In the absence of a new deal, there is a fallback deal. And that is to maintain supply levels at July levels for the rest of the year. But that itself is a risk, since global oil supply is lagging behind demand, and the inflationary effects of elevated crude oil prices are starting to show. Keeping production flat – assuming there are no breaches of compliance – risks further price spikes, and other producers rushing in to fill the gap at the expense of OPEC+ market share. Which is the last thing OPEC+ wants, especially is the rush is from US shale producers.
But an even more dramatic scenario could see a full-scale rebellion of the UAE against its quotas and potentially its exit from the cartel, a possibility strategically ‘leaked’ to reporters back in January. This would break OPEC+ unity, risking a free-for-all situation that could crash prices is other producers follow suit and trigger a punishing price war. In a show of just how close this nightmare scenario is, Saudi Energy Minister Prince Abdulaziz bin Salman has publicly stated that he has not spoken to his counterpart in Abu Dhabi as the July 1 meeting stretched further and further with all parties attempting to come to a compromise. And a compromise is still the most likely resolution, since it is against all interests to jeopardise the stabilised crude oil situation with a price war now. The most likely result is that – after plenty of sound and fury – OPEC+ will endorsed the supply increases for August to December, but not extend the duration of the deal beyond April 2022.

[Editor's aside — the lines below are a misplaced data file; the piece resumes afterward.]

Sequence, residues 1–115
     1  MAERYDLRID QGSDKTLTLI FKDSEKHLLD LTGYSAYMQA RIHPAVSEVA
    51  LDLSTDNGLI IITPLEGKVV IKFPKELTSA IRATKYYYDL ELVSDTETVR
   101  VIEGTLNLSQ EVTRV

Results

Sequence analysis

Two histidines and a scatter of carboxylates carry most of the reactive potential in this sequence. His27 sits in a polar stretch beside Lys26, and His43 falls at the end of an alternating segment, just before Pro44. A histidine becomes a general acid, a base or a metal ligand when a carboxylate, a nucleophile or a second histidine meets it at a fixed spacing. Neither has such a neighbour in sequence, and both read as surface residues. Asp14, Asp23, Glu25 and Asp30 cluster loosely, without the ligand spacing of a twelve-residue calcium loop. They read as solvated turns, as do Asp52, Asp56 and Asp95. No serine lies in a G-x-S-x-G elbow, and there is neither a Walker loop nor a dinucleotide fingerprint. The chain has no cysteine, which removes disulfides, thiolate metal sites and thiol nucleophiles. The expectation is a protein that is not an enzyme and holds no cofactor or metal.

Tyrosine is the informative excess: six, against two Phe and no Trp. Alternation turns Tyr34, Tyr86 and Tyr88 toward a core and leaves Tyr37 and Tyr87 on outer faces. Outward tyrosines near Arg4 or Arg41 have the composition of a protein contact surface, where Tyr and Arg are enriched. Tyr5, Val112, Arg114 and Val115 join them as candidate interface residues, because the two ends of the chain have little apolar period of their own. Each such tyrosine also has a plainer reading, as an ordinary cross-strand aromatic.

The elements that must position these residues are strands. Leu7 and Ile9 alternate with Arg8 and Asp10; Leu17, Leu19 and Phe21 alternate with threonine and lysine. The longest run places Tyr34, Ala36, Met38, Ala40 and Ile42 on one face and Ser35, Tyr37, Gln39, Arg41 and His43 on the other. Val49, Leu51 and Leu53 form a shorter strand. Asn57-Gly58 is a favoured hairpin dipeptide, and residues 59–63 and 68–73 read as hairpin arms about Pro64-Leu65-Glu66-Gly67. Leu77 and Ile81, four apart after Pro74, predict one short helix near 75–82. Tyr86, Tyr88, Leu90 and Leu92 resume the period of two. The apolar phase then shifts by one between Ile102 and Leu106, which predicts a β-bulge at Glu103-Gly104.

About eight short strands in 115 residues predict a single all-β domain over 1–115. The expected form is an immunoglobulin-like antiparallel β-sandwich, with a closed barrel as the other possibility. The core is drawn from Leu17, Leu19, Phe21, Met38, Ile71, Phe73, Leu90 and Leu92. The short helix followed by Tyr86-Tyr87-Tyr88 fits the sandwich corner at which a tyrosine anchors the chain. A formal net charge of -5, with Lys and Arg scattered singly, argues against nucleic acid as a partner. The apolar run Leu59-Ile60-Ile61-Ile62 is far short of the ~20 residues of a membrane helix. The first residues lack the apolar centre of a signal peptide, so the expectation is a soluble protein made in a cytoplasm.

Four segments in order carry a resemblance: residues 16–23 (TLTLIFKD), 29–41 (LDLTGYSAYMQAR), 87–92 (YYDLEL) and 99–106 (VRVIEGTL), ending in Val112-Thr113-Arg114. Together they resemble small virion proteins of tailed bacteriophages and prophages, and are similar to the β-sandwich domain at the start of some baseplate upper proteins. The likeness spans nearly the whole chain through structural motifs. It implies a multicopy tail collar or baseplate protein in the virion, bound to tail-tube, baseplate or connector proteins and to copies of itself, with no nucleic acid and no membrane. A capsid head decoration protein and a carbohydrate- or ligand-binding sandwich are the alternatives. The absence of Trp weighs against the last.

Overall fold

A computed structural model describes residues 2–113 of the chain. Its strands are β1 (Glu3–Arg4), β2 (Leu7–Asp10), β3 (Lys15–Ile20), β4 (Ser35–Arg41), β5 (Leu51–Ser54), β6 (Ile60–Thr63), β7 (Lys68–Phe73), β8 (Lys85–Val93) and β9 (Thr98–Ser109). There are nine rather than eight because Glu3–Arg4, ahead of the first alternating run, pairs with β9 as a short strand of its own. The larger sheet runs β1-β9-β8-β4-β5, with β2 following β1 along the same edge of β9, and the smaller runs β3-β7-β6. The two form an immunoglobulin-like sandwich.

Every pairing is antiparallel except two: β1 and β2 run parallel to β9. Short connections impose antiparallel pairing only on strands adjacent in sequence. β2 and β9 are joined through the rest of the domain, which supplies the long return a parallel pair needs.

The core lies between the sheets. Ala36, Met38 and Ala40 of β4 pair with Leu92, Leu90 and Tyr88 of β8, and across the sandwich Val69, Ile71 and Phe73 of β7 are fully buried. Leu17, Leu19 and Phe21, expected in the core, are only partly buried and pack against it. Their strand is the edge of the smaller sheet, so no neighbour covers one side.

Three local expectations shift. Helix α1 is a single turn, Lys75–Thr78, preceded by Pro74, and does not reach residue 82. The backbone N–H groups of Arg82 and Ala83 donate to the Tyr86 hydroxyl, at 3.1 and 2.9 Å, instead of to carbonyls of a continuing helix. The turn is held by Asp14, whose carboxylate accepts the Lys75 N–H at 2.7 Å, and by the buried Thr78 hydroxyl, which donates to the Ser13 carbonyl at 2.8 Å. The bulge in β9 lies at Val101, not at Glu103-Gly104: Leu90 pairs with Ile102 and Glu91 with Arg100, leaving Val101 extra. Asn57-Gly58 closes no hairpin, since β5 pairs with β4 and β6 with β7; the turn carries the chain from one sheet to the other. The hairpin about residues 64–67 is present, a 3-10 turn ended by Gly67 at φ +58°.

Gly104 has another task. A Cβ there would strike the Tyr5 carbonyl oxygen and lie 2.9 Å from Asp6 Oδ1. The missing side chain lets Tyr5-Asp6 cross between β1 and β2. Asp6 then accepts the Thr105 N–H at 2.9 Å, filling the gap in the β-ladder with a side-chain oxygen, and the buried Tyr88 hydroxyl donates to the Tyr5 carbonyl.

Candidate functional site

How long and deep will this chasm grow between Saudi Arabia and the UAE? How will this fundamentally reshape the politics within OPEC+? On all evidence right now, it seems like it could be quite a while. Because this is bigger than just oil. Riyadh and Abu Dhabi have been on a crash course for a while now. The UAE has been developing its own foreign policy themes, which are increasingly independent of its Saudi ally – see its recognition of Israel and its position on Yemen. Saudi Arabia’s call for international firms operating in the Middle East to move their regional headquarters to Riyadh has also been interpreted as a threat to Dubai. And in a chilling reminder of the Qatar blockade, travel between the two countries has been restricted. The healing of this rift will be key, not just to the future of OPEC+ but the incendiary geopolitical dynamics of the regions, especially with the incoming return of Iran from the cold to the oil markets and the wider world. OPEC+ has just experienced an earthquake, and now it is time to see what the aftershocks are going to be.
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International expansions for Saudi Aramco – the largest oil company in the world – are not uncommon. But up to this point, those expansions have followed a certain logic: to create entrenched demand for Saudi crude in the world’s largest consuming markets. But Saudi champion’s latest expansion move defies, or perhaps, changes that logic, as Aramco returns to Europe. And not just any part of Europe, but Eastern Europe – an area of the world dominated by Russia – as Saudi Aramco acquires downstream assets from Poland’s PKN Orlen and signs quite a significant crude supply deal. How is this important? Let us examine.